Antimicrobial resistance in Neisseria gonorrhoeae infections is highly prevalent in communities that feature dense sexual connectivity networks and high rates of antimicrobial exposure, such as men who have sex with men (MSM), according to a study published in Emerging Infectious Diseases. Screening and containment of the infection, as well as education on the importance of reducing the number of sexual partners, represent the best methods for eradicating the infection in these communities.
“In our study, we reviewed various lines of evidence which suggest that the frequent screening for Chlamydia trachomatis and N gonorrhoeae in MSM is contributing to the emergence of antimicrobial resistance in this population,” Chris Kenyon, PhD, of the Institute of Tropical Medicine Antwerp told Contagion®.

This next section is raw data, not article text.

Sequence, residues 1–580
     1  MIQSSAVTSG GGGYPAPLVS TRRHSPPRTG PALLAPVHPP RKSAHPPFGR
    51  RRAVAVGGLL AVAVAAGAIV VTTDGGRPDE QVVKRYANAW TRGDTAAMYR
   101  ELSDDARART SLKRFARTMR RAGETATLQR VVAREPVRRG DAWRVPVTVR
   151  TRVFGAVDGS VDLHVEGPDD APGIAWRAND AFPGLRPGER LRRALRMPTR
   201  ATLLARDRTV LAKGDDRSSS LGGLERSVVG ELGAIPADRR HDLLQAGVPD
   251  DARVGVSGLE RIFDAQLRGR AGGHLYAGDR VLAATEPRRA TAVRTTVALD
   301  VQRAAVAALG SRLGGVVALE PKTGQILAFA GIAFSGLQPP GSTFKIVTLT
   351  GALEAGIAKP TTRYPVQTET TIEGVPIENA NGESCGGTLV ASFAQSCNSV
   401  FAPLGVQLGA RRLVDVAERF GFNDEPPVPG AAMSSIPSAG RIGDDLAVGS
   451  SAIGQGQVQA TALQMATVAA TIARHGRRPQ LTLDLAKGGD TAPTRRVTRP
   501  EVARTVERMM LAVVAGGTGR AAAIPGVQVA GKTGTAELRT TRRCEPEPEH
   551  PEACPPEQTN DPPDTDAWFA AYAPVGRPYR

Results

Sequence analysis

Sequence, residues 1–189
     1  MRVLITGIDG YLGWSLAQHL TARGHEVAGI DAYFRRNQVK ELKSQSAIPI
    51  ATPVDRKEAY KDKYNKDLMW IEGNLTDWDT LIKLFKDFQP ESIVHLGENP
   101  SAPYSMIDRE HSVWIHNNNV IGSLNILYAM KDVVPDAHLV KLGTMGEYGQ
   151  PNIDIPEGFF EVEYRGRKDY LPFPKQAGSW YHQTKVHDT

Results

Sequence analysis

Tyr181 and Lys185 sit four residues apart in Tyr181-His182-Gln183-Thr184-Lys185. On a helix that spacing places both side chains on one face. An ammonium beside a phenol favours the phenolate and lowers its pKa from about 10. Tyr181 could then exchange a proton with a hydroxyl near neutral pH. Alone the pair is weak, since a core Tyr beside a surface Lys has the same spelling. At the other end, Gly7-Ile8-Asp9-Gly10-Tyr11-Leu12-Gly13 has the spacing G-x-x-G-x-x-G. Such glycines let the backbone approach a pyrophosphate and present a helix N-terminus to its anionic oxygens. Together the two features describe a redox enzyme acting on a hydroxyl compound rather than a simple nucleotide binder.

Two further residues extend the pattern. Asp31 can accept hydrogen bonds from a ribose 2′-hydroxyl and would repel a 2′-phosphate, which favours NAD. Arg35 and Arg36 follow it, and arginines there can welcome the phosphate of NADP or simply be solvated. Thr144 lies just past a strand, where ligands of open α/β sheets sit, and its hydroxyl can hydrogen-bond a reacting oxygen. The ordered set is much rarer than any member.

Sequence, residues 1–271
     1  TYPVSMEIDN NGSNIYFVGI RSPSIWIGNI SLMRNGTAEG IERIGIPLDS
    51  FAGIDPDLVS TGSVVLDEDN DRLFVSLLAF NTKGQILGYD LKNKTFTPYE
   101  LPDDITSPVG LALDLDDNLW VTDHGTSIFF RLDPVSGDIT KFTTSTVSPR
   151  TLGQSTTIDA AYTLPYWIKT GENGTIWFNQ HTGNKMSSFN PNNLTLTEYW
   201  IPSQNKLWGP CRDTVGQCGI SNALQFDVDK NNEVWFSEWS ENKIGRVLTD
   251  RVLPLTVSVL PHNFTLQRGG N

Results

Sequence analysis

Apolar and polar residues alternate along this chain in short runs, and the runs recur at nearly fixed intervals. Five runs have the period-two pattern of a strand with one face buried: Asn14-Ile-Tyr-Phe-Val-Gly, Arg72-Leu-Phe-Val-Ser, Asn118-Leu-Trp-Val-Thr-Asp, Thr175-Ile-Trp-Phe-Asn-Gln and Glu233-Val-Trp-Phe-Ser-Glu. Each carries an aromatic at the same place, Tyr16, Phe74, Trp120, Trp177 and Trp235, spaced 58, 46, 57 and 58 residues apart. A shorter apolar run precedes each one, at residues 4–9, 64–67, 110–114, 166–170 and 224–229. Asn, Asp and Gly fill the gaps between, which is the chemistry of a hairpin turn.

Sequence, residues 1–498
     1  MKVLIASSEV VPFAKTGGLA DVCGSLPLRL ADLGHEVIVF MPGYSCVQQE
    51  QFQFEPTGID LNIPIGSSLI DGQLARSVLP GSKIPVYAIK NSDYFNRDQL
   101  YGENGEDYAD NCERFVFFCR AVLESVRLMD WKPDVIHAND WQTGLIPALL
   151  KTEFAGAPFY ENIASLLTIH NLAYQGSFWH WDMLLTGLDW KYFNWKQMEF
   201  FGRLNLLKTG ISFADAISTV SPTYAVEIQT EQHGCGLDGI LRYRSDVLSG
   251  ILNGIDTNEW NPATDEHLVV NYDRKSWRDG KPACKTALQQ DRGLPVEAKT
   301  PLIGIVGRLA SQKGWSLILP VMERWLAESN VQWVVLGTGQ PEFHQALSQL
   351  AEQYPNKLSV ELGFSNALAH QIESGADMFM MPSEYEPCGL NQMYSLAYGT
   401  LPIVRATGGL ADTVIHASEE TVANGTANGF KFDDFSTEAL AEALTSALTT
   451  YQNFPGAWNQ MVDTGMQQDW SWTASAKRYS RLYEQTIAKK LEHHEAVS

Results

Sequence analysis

The rise of antimicrobial resistance as well as N gonorrhoeae in MSM has several possible explanations, including the higher prevalence of antimicrobial drug use in this population compared with men who have sex with women. Additionally, MSM who have HIV are also more likely to demonstrate antimicrobial resistance compared with patients without the infection. Higher sexual connectivity, or densely connected sexual networks, may also partially explain the association between MSM and N gonorrhoeae antimicrobial resistance.
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